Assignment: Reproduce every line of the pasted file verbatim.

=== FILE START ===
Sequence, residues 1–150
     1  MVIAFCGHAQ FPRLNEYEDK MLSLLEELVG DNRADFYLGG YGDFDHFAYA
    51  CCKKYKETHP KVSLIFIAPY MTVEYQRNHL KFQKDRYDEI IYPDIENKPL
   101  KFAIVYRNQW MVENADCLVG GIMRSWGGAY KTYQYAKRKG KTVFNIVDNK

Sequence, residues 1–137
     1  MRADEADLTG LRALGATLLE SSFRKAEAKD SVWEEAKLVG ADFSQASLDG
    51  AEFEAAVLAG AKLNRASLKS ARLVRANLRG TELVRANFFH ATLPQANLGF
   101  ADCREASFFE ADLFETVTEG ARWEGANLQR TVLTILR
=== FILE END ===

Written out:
Sequence, residues 1–150
     1  MVIAFCGHAQ FPRLNEYEDK MLSLLEELVG DNRADFYLGG YGDFDHFAYA
    51  CCKKYKETHP KVSLIFIAPY MTVEYQRNHL KFQKDRYDEI IYPDIENKPL
   101  KFAIVYRNQW MVENADCLVG GIMRSWGGAY KTYQYAKRKG KTVFNIVDNK

Sequence, residues 1–137
     1  MRADEADLTG LRALGATLLE SSFRKAEAKD SVWEEAKLVG ADFSQASLDG
    51  AEFEAAVLAG AKLNRASLKS ARLVRANLRG TELVRANFFH ATLPQANLGF
   101  ADCREASFFE ADLFETVTEG ARWEGANLQR TVLTILR